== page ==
Medical bills are a crucial element to proving damages in a personal injury lawsuit. They tell a judge and jury how serious your injuries are. Even more critical, they remove most of the speculation about how much money a jury should award for your case.
This article discusses the importance and use of medical bills in litigation. If you receive treatment for injuries caused by another person’s negligence or wrongdoing, you must keep track of any paperwork you receive.
Economic Damages in Personal Injury Law
Medical expenses from an injury like a product defect or a car accident are considered economic damages. Economic damages compensate for measurable economic loss. Medical bills are economic damages because they are an expense that you would not have to pay if you hadn’t been injured.
Other common forms of economic damages are property damages or lost wages. In each of these situations, there should be a documented dollar amount that will make a plaintiff “whole” again from an economic perspective. This could be the bills from repairing your car after an accident, the wages your boss should have paid you in overtime or the medical bills following an injury.
Legally, a plaintiff who wins their case should be entitled to at least this amount of money in damages. However, other factors can affect this award like non-economic damages or the various legal limitations on medical bills specifically.
Noneconomic damages are general damages awarded for emotional injuries. This includes depression and anxiety from an accident, but it also includes pain and suffering. Medical bills don’t fall here. Generally, these damages enhance the economic damages a person can receive. In some situations, they can be much larger than the medical bills themselves. Noneconomic damages are more speculative, so it can be challenging to evaluate upfront.
Limitations on Medical Expenses as Damages
The California Civil Jury Instructions (CACI) provide that to recover damages for past medical expenses, a plaintiff must prove the reasonable cost of reasonably necessary medical care that they have received. See CACI – 3903A. This is the most basic limitation upon recovering medical expenses in personal injury actions. The idea is that a person who is injured by another’s wrongful conduct is entitled to the reasonable value of the medical care and services that are required to repair the injury caused by the act. Hanif v. Housing Authority of Yolo County, 200 Cal. App. 3d 635, 640 (1988).
The effect of this limitation is that it is not necessary for the jury to award the full cost of your medical bills. “[I]t has long been the rule that the costs alone of medical treatment and hospitalization do not govern the recovery of such expenses. Dimmick v. Alvarez, 196 Cal. App. 2d 211, 216 (1961). This means a jury could decide to award less than the full cost of your medical bills. To recover the full amount, a plaintiff must show that the medical expenses were attributable to the injury-causing act, that they were necessary, and that they were reasonable.
In California, the Supreme Court has made this inquiry more onerous. Howell v. Hamilton Meats & Provisions, Inc., 52 Cal. 4th 541 (2011). In Howell, the court held that plaintiffs could only recover the medical expenses that are reasonable and actually “incurred.” This means California plaintiffs have an even harder time recovering the full amounts billed by their medical providers. Instead, their recovery of medical expenses can be limited to costs accepted by the medical service providers as payments in full.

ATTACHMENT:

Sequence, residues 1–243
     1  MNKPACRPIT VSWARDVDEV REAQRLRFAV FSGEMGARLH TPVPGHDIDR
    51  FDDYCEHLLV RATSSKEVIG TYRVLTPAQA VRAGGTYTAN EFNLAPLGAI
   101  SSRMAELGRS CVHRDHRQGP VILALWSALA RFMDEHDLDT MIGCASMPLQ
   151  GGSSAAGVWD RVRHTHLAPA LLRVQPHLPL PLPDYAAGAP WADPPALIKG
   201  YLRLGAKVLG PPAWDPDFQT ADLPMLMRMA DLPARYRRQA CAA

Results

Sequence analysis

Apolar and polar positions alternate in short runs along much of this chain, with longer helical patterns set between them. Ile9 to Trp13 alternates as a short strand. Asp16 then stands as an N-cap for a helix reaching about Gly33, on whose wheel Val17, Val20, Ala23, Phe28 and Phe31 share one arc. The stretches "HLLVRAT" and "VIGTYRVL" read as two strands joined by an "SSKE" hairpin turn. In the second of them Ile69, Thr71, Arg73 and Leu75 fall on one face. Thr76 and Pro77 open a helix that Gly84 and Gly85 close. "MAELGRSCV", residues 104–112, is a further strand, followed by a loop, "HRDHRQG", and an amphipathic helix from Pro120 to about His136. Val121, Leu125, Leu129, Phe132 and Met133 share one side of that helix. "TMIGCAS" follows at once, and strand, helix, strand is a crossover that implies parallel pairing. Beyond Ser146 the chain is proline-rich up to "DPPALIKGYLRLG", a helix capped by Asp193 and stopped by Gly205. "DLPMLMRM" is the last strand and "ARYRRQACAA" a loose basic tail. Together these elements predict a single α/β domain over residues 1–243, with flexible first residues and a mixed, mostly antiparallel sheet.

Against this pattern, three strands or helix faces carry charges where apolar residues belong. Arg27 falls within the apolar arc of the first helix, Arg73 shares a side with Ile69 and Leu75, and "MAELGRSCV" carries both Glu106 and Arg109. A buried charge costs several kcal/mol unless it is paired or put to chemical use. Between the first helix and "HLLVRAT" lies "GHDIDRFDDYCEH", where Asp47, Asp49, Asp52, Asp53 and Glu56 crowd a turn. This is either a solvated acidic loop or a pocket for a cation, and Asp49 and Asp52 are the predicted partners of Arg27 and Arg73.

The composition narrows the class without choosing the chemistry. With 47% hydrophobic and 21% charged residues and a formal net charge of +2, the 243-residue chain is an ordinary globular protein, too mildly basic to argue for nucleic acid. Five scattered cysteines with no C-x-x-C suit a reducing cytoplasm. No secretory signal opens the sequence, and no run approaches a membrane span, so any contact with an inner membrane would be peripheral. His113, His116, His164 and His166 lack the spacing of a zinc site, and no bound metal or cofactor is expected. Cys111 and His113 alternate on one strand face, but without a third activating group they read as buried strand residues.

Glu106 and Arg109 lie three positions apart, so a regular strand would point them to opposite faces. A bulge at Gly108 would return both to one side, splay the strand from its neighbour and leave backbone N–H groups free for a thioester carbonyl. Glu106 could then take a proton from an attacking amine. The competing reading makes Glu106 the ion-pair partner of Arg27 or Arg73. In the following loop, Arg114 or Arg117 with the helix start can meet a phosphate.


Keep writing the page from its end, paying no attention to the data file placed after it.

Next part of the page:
Howell effectively limited a California plaintiff's recovery to whatever their insurance company agreed to pay the medical service provider for the services. Since insurance companies tend to have negotiated discounts on services with each doctor and hospital, this lowered the amount that California plaintiffs can recover.
Medical liens are not necessarily a limitation on damages. Medical liens are often used to fund medical services when someone without insurance has been hurt in an accident or if an injured person doesn’t want to use their own health insurance for medical treatment for whatever reason. The uninsured plaintiff allows the medical service providers to take a lien out against their claim.
A California Court of Appeals held that plaintiffs who are treated on medical liens are entitled to recover the full amount of the lien. Uspenskaya v. Meline, 241 Cal. App. 4th 996 (2015). To recover the full amount of the medical bills paid, the plaintiff must remain liable for the whole amount. This can be risky because a jury could find against the plaintiff or award less than is required in some rare cases. However, it can be worth it to take care of required medical treatment and to utilize this medical lien option if available.
Future Medical Expenses
The requirement of certainty for economic damages can make it seem like future medical expenses would be difficult to earn. After all, they seem speculative. A person could recover suddenly and no longer need treatment, or maybe they could need more treatment than expected. Fortunately, a court will allow juries to award future medical expenses in certain situations.
“To entitle a plaintiff to recover present damages for apprehended future consequences, there must be evidence to show such a degree of probability of their occurring as amounts to a reasonable certainty that they will result from the original injury.” Bellman v. San Francisco High School Dist., 11 Cal. 2d 576, 588 (1938). Accomplishing this can be done by showing a scheduled surgery in the future or a doctor’s records saying that another operation will be necessary to complete treatment. Every document a medical service provider gives you is potentially important.
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